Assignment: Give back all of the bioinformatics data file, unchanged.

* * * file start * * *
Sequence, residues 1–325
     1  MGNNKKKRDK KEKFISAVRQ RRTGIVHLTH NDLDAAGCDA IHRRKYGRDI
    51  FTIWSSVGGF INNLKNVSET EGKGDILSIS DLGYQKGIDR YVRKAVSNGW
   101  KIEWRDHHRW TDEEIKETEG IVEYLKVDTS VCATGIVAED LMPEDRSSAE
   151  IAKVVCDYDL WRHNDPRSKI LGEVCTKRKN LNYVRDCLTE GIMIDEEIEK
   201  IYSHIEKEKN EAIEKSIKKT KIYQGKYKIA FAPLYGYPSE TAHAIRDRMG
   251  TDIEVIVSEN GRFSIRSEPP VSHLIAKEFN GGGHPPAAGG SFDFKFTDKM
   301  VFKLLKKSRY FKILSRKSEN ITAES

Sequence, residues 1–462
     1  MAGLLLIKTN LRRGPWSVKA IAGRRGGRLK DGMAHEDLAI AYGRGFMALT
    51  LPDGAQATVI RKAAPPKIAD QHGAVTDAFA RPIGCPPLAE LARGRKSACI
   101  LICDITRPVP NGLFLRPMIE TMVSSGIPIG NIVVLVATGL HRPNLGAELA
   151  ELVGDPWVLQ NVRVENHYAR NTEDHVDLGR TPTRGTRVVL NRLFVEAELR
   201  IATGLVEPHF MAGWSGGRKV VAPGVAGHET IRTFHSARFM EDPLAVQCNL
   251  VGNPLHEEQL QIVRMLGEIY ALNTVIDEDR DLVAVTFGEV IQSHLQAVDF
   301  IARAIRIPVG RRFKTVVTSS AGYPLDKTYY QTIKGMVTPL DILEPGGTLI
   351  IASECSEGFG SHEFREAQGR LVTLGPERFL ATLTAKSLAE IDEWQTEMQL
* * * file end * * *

Sequence, residues 1–325
     1  MGNNKKKRDK KEKFISAVRQ RRTGIVHLTH NDLDAAGCDA IHRRKYGRDI
    51  FTIWSSVGGF INNLKNVSET EGKGDILSIS DLGYQKGIDR YVRKAVSNGW
   101  KIEWRDHHRW TDEEIKETEG IVEYLKVDTS VCATGIVAED LMPEDRSSAE
   151  IAKVVCDYDL WRHNDPRSKI LGEVCTKRKN LNYVRDCLTE GIMIDEEIEK
   201  IYSHIEKEKN EAIEKSIKKT KIYQGKYKIA FAPLYGYPSE TAHAIRDRMG
   251  TDIEVIVSEN GRFSIRSEPP VSHLIAKEFN GGGHPPAAGG SFDFKFTDKM
   301  VFKLLKKSRY FKILSRKSEN ITAES

Sequence, residues 1–462
     1  MAGLLLIKTN LRRGPWSVKA IAGRRGGRLK DGMAHEDLAI AYGRGFMALT
    51  LPDGAQATVI RKAAPPKIAD QHGAVTDAFA RPIGCPPLAE LARGRKSACI
   101  LICDITRPVP NGLFLRPMIE TMVSSGIPIG NIVVLVATGL HRPNLGAELA
   151  ELVGDPWVLQ NVRVENHYAR NTEDHVDLGR TPTRGTRVVL NRLFVEAELR
   201  IATGLVEPHF MAGWSGGRKV VAPGVAGHET IRTFHSARFM EDPLAVQCNL
   251  VGNPLHEEQL QIVRMLGEIY ALNTVIDEDR DLVAVTFGEV IQSHLQAVDF
   301  IARAIRIPVG RRFKTVVTSS AGYPLDKTYY QTIKGMVTPL DILEPGGTLI
   351  IASECSEGFG SHEFREAQGR LVTLGPERFL ATLTAKSLAE IDEWQTEMQL